• Younger workers tending to have more frequent, shorter periods of absence
  • Manual workers having higher overall absence levels than any other group
  • Office workers having the highest overall absence levels for stress-related illnesses
  • Unauthorised absences being more common amongst new employees

High levels of absence could indicate burn-out, disengagement or overwhelming stress. It could also be an indication of long-term COVID-19 symptoms. It’s important that you take action to help any struggling team members to recover. In these situations, communication is key.

4. Communicate

Communication is key to helping employees back to work, especially in instances of long-term sickness. Consider:

  • The type of communication or contact to use, e.g. over the phone, face-to-face, email etc.
  • Setting up prompts or triggers via your HR system to remind you to keep in regular contact
  • If speaking face-to-face, consider meeting at an employee’s home or on neutral ground

Never underestimate the value of open and honest communication, as it can facilitate a speedy return to work and make or break your employee engagement.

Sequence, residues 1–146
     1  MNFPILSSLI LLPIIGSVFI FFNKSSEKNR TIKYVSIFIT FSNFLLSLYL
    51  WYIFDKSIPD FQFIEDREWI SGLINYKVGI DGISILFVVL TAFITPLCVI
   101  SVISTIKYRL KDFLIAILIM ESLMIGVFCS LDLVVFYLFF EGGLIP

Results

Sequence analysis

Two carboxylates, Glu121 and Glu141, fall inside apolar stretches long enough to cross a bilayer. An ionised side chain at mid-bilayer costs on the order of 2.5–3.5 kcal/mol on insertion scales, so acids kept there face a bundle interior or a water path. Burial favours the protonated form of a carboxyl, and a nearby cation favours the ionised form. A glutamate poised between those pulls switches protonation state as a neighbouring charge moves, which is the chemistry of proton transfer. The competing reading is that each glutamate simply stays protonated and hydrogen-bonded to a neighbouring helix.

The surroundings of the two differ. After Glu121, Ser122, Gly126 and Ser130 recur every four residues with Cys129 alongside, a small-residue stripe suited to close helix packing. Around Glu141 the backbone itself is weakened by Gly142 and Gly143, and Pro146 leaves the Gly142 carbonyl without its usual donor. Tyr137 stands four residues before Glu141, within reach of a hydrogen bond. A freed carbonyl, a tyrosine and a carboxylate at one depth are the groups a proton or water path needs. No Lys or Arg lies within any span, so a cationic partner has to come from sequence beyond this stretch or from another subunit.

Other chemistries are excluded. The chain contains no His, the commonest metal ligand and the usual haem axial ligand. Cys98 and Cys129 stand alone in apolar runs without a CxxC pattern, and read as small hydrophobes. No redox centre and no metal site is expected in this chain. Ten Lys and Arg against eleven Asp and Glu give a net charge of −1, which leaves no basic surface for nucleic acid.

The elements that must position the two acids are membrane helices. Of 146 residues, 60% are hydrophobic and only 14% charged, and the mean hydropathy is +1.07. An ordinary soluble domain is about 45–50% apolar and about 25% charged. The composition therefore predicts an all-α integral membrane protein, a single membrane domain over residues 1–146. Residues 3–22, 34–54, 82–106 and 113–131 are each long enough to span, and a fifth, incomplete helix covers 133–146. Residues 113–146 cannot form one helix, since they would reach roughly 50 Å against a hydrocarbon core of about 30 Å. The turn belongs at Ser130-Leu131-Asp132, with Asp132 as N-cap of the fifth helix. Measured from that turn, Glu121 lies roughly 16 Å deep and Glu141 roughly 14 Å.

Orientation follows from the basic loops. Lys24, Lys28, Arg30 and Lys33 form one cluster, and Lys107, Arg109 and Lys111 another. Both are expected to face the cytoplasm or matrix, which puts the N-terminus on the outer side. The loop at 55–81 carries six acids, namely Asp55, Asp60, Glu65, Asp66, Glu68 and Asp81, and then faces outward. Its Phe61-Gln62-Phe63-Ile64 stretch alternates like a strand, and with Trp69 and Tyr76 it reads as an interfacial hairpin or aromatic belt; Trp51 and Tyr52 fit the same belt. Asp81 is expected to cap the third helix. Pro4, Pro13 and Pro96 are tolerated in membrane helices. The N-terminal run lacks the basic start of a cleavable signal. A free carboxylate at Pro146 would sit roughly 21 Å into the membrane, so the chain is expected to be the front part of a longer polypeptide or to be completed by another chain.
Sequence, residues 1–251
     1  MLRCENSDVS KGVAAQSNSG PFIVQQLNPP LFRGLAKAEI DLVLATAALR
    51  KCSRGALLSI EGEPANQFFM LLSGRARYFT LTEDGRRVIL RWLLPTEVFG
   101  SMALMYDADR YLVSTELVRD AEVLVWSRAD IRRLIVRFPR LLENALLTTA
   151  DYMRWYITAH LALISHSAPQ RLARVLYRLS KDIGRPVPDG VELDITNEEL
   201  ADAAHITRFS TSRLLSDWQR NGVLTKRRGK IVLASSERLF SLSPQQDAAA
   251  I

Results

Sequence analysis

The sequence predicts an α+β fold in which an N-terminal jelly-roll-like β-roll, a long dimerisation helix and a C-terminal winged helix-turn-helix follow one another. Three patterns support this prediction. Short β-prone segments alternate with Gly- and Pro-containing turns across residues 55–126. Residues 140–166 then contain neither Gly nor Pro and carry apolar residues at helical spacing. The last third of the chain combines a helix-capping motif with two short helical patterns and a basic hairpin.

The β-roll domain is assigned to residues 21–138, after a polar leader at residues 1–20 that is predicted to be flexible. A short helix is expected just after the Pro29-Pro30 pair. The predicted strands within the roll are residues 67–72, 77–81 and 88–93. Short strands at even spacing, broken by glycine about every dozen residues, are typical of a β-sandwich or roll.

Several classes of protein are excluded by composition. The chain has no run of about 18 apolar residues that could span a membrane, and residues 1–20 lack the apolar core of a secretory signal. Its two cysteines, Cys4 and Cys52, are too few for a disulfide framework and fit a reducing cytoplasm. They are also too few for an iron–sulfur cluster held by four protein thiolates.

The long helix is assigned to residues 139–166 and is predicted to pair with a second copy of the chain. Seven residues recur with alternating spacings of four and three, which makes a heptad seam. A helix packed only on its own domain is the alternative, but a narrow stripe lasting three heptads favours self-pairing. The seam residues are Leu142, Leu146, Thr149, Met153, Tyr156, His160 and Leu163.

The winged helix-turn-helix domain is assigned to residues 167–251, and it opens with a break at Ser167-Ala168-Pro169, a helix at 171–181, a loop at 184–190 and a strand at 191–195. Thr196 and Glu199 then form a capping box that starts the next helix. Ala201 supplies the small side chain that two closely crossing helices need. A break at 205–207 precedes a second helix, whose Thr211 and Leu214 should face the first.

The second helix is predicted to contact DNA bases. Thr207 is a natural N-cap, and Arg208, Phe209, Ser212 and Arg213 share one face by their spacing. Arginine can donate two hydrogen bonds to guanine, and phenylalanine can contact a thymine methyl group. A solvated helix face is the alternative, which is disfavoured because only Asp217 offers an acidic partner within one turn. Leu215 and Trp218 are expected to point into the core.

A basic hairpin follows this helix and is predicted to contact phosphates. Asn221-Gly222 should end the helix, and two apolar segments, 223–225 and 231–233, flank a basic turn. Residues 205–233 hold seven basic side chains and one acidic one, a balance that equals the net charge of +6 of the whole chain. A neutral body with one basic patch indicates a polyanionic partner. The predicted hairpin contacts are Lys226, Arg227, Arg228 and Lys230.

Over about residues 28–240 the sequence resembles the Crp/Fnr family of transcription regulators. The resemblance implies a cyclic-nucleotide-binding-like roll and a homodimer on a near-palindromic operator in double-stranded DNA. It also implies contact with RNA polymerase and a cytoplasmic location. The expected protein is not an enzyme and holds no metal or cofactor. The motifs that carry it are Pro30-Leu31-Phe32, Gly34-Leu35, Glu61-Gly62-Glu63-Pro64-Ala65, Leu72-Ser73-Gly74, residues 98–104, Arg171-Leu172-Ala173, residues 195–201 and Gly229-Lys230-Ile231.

5. Plan

There’s a few different processes that may be appropriate depending on the type of absence. These can include:

  • Scheduling return-to-work interviews for all types of sickness absence
  • The use of an occupational health team for long-term absences
  • Making suitable adjustments to an employee’s working area when they return

If you have plans and processes in place as part of your HR strategy, it’ll be easier to implement them quickly when needed; planning is key to success.

6. Monitor

Once an employee has returned from a period of absence, it is important to provide them with ongoing support, including:

  • Remaining open-minded and enthusiastic upon the employee’s return to work
  • Carrying out ongoing assessments/catch-ups to ensure they are coping
  • Being open and honest about any adjustment you are making and reviewing them when appropriate

Most organisations can drastically reduce costs by tackling absence. By following these six essential steps, you will not only uncover the most common reasons for absence, but will also devise plans on how best to reduce it.

Once you’re committed to a more effective absence management process, the next step is clear. Adopting modern, intuitive, cloud-based HR technology will go a long way towards achieving your absenteeism goals.

Our customers rely on our HR and payroll software to improve staff absence, as it empowers busy teams to analyse wider trends whilst still managing and caring for individual employees. This helps staff retention and bottom line performance to not only remain constant, but to improve.

If you’re considering investing in flexible, configurable, cloud-based HR and payroll software, why not book a demo with us? We’re happy to talk about your requirements.

Now that you’ve learned the six essential steps to better absence management, you may be interested in these top tips to ensure effective absence management.